For most of us, “Spend less, save more” is a new year’s resolution worth keeping. In this space last week, we talked about ways to do the former. This week, we tackle the second part of that resolution. How do you set more money aside and save it, whether for retirement or a Caribbean vacation?

“The key is to have concrete goals,” said Paul A. Yurachek, an Ameriprise Financial private wealth adviser at Gurtz, Yurachek, Brostrom & Associates in Bethesda. “You have to ask: What am I saving for? Some people save for education. Others may want to take a vacation every year. Setting aside X amount each month for a specific goal makes saving easier.”

Three personal finance experts gave us their money-saving strategies. All agreed that having a plan makes saving money a realistic resolution.

General Tips

Don’t go it alone: Make saving painless by automatically transferring X amount of money from your checking account to your savings account monthly. “That’s what makes the 401(k) workplace retirement plan helpful. You adapt your spending to the money coming in,” said Janet Bodnar, editor of Kiplinger’s Personal Finance. And do it at the beginning of each month, Bodnar recommends.

Have many savings accounts: Some banks don’t charge to have multiple accounts. Separating your savings into accounts for necessities, vacations, emergencies and large expenditures helps you organize your budget.

Saving always pays off. So here are some ways to do it in 2012. (istockphoto)

Know where to put savings: If you’re saving for retirement, put your money in a 401(k). If you’re saving for a down payment on a house or car, put that money in a savings account or a money market fund. Emergency money should be in an account you can access easily.

For Retirement

Age matters: Start ’em young, folks. The later you start saving, the larger percentage of your income you need to put away. “If [you start saving] in your early 20s, 10 to 15 percent [of gross income] is recommended,” said Antwone Harris, a certified financial planner with Charles Schwab in Washington. “If you start saving in your 30s, we recommend 15 to 25 percent. And at 40, we recommend saving 25 to 35 percent.”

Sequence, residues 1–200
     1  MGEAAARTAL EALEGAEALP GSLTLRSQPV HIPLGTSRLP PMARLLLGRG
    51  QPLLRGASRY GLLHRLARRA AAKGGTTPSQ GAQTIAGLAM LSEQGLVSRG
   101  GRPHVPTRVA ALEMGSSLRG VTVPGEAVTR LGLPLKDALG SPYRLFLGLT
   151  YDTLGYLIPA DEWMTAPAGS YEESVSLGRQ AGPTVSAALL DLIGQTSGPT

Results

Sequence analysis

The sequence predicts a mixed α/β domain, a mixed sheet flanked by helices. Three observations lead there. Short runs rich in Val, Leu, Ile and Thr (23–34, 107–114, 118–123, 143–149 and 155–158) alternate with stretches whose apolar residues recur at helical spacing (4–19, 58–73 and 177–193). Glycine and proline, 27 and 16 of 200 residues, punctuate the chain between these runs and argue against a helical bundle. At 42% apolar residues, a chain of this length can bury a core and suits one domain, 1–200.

Always meet your match: If you’re putting money into a retirement savings account such as a 401(k), most companies will match your savings up to a certain percentage. On average, companies will match between 3 and 5 percent. “Always save enough to capture any employer match. That’s free money,” Bodnar said.

For Emergencies

Save for the rainiest day: You lose your job. Now what? Money set aside for unemployment or unexpected circumstances should be separate from your retirement savings, because you never want to dip into a 40(k) early. “Rule of thumb: If you’re single, you should have six months of living expenses saved in a separate savings account,” Harris said. “If there are two incomes . . . each person should save three months’ worth of expenses.”

The mattress is not a bank: Hurricanes and earthquakes taught us the value of having cash on hand. (Bodnar recommends having a few hundred to a few thousand dollars.) Still, stacks of Benjamins in a drawer is risky. “You should not keep large amounts of cash on hand in your house,” Yurachek said. “So many of my clients have found cash belonging to their parents in a book. Anything in an envelope or stuffed in a mattress can be . . . thrown out, so keep emergency savings in the bank.”

For Life’s Extras

Visualize the goal: Put a photo of Paris on your refrigerator if you’re saving for “La Vie en Rose.” Seeing a constant reminder of the goals you’re saving for is the best way to ensure you’ll reach them.

Earmark your savings: Some personal finance experts still believe in the old-fashioned envelope system of setting aside a fixed amount of cash for clothing or entertainment each month. Psychologically, it helps to earmark savings, whether you use a savings account or a piggy bank.

Keep the change: Pick up that dime you see on the street. Coins add up. “Just do the little things, like tossing loose change into a glass jar,” said Bodnar, who recommends saving found money in a piggy bank. “I met a guy once who saved loose change in a bank, and he used the money as his gift fund every Christmas. He usually saved $900 to $1,000 just from emptying his pockets. It can really add up.”

THE BOTTOM LINE It’s never too early (or too late) to start saving. Have a clear plan that outlines specific goals and don’t try to do it alone. Have your bank automatically set aside money each month and take advantage of free budgeting resources at and to help you get on your way.